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eBook The Power of the Story: Fiction and Political Change ePub

eBook The Power of the Story: Fiction and Political Change ePub

by Michael Hanne

  • ISBN: 1571810196
  • Category: History and Criticism
  • Subcategory: Literature
  • Author: Michael Hanne
  • Language: English
  • Publisher: Berghahn Books; 1 edition (December 1, 1994)
  • Pages: 272
  • ePub book: 1295 kb
  • Fb2 book: 1424 kb
  • Other: mbr mobi doc docx
  • Rating: 4.3
  • Votes: 361

Description

This book explores that general question through the close examination of five works, from several different countries and periods, for which remarkable direct political effects of one kind or. .Political Fiction-History And Criticism.

This book explores that general question through the close examination of five works, from several different countries and periods, for which remarkable direct political effects of one kind or another have been claimed. It is an inquiry both at the level of theory (in what sense, and by what mechanisms, might literary works conceivably be said to start wars, swing national opinion, and so on?) and at the level of history (what evidence can be gathered on the influence which a particular fictional narrative has had in a given place and at a given time?).

Forcefully argued and written with a minimum of jargon, this book no doubt appeals to a wide readership well beyond that of the specialist in literature.

this highly readable study is an impressive work ofcontemporary criticism, richly deserving of its intended general and academic audiences. Forcefully argued and written with a minimum of jargon, this book no doubt appeals to a wide readership well beyond that of the specialist in literature.

Select Format: Hardcover. T)his highly readable study is an impressive work of contemporary criticism, richly deserving its intended general and academic audiences. ISBN13:9780826407849.

Berghahn Books, 1994 - 262 sayfa

Berghahn Books, 1994 - 262 sayfa.

Fiction and Political Change. The author explores this question in the form of a theoretical essay on narrative and power, followed by five detailed case studies of works by Turgenev, Harriet Beecher Stowe, Ignazio Silone, Solzhenitsyn and Salman Rushdie, each of which had or was said to have had a major impact on the political events in its time.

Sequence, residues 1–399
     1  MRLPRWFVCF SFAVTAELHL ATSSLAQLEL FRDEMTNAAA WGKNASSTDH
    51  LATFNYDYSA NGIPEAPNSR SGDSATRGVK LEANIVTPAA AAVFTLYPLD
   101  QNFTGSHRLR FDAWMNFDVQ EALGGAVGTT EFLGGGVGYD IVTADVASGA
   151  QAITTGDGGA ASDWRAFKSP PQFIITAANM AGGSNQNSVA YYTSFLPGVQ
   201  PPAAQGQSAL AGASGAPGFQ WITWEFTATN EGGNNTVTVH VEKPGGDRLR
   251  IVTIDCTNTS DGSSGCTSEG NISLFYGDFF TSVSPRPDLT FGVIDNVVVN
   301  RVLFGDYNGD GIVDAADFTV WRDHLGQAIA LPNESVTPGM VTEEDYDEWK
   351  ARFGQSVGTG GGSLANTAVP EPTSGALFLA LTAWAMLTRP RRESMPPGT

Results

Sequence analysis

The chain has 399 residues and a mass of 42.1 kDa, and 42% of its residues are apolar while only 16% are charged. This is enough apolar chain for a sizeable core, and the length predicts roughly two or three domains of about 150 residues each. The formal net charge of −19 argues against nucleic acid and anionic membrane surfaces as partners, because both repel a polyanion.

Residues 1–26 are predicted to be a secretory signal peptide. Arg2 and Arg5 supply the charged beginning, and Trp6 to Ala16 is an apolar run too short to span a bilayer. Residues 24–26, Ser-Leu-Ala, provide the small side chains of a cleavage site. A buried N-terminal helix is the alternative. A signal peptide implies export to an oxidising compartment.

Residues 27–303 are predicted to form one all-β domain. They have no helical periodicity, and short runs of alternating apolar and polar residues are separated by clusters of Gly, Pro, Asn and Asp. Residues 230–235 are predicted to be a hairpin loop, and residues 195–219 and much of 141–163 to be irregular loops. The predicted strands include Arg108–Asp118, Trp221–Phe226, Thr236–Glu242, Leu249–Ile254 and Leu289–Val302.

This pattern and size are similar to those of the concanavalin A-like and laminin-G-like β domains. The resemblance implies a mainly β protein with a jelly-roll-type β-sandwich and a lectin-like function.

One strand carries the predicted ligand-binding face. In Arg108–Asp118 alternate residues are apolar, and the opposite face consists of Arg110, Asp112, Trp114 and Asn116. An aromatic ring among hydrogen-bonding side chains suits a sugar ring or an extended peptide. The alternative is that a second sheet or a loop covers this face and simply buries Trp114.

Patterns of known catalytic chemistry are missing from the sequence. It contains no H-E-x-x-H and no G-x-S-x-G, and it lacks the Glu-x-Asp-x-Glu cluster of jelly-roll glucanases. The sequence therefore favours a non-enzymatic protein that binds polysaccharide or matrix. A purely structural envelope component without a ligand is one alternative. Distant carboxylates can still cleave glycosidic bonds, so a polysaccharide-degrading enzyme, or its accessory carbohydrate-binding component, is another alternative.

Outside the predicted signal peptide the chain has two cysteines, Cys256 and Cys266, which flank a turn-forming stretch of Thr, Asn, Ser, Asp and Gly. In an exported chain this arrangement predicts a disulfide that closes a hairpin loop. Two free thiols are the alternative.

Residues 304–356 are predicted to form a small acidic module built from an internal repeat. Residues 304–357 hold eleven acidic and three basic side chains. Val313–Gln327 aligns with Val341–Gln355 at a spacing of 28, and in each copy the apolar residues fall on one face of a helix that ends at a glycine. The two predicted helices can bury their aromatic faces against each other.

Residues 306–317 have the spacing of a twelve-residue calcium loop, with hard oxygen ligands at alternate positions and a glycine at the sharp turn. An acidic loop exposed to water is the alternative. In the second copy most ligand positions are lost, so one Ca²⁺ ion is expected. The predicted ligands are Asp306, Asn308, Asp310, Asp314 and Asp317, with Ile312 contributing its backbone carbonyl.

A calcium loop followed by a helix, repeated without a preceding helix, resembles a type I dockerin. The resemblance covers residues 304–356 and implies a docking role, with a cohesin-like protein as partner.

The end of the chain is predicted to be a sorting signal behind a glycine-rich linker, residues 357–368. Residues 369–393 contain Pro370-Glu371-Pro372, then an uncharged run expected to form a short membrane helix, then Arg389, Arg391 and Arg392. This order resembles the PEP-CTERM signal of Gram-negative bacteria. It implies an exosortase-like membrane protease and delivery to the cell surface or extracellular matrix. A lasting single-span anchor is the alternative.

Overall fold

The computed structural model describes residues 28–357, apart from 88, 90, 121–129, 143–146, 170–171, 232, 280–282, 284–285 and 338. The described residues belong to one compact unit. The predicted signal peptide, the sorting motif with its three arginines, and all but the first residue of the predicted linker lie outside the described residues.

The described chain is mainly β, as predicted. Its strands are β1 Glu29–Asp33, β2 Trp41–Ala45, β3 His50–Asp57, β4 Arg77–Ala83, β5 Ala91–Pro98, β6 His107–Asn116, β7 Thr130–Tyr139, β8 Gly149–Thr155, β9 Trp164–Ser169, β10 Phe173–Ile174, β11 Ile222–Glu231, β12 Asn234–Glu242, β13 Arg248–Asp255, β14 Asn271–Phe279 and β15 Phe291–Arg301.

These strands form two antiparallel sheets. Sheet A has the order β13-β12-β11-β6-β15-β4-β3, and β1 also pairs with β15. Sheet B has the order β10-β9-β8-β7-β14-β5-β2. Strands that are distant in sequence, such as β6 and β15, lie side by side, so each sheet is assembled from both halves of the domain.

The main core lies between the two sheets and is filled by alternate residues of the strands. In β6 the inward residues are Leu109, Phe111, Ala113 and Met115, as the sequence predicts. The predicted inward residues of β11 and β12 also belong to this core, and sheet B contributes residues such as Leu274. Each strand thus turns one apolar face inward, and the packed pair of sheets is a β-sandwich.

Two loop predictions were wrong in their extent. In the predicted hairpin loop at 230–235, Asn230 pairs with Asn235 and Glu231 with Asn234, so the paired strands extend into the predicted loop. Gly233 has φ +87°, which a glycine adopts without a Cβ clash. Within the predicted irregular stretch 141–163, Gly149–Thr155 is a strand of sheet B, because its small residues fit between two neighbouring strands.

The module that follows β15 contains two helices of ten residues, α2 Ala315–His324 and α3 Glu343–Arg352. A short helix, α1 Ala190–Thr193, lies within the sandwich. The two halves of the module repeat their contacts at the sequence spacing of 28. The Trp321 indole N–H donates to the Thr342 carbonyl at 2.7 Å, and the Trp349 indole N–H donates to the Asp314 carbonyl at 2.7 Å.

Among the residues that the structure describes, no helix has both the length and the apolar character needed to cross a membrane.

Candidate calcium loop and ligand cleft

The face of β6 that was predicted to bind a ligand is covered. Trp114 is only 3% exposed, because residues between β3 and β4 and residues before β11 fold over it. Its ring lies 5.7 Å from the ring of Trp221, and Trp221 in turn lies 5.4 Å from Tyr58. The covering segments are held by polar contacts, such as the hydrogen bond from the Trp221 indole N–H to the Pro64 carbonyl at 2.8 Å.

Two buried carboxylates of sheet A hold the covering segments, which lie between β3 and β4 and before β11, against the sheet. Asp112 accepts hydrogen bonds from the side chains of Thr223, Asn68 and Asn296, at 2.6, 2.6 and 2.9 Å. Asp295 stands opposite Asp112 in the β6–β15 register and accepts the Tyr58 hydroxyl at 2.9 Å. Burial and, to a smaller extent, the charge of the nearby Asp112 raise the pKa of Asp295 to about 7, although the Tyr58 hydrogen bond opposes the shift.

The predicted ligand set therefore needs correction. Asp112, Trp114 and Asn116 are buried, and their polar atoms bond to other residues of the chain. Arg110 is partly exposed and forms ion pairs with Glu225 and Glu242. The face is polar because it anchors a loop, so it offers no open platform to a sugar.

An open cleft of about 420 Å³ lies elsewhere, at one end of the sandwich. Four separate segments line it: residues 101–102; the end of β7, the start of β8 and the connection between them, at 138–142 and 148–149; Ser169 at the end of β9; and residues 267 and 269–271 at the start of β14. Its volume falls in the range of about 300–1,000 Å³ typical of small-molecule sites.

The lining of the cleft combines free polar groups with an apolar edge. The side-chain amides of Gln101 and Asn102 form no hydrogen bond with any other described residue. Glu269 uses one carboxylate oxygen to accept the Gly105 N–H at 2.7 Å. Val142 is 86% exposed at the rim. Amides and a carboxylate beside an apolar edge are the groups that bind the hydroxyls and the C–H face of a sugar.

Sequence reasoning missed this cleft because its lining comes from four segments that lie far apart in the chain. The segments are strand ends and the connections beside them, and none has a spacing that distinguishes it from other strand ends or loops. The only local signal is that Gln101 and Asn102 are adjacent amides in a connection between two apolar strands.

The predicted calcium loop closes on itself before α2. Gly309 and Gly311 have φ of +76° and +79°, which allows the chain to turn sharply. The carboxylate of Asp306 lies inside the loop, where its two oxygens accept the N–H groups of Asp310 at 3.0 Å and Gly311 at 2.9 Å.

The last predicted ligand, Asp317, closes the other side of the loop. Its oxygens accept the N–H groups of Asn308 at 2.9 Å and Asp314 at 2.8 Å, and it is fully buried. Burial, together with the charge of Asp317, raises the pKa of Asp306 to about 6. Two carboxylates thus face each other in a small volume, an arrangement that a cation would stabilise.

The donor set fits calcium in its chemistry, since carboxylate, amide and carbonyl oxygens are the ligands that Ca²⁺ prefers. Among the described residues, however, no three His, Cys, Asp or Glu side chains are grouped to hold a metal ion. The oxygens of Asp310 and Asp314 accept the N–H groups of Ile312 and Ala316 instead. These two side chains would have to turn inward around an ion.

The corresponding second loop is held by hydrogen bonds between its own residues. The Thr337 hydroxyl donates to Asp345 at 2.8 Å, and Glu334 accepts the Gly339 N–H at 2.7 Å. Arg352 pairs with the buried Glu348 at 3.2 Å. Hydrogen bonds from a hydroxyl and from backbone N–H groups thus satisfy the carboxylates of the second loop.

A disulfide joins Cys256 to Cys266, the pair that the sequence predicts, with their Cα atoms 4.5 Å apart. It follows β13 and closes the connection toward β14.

Can a novel cause riots, start a war, free serfs or slaves, break up marriages, drive readers to suicide, close factories, bring about law change, swing an election, or serve as a weapon in a national or international struggle? The author explores this question in the form of a theoretical essay on narrative and power, followed by five detailed case studies of works by Turgenev, Harriet Beecher Stowe, Ignazio Silone, Solzhenitsyn and Salman Rushdie, each of which had or was said to have had a major impact on the political events in its time.

A. Davidson}, year {1996} }. Published 1994 by Berghahn Books in Providence, . Ivan Turgenev : A sportsman's notebook (1852). History and criticism, Fiction, Political fiction. Harriet Beecher Stowe : Uncle Tom's cabin (1852). Ignazio Silone : Fontamara (1933). Alexander Solzhenitsyn : One day in the life of Ivan Denisovich (1962). Salman Rushdie : The satanic verses (1988). Includes bibliographical references (p. -256) and index.

Michael Hanne does not, it is true, claim that either Silone or Solzhenitsyn produced a decisive change in the . The Power of the Story: Fiction and Political Change.

Michael Hanne does not, it is true, claim that either Silone or Solzhenitsyn produced a decisive change in the way the society they described ran its affairs, and he is even more modest in the case of The Satanic Verses. It is nevertheless the chapter dealing with Salman Rushdie's novel which puts forward the most convincing thesis. Register to continue.

Can a novel cause riots, start a war, free serfs or slaves, break up marriages, drive readers to suicide, close factories, bring about law change, swing an election, or serve as a weapon in a national or international struggle? The author explores this question in the form of a theoretical essay on narrative and power, followed by five detailed case studies of works by Turgenev, Harriet Beecher Stowe, Ignazio Silone, Solzhenitsyn and Salman Rushdie, each of which had or was said to have had a major impact on the political events in its time. Forcefully argued and written with a minimum of jargon, this book no doubt appeals to a wide readership well beyond that of the specialist in literature.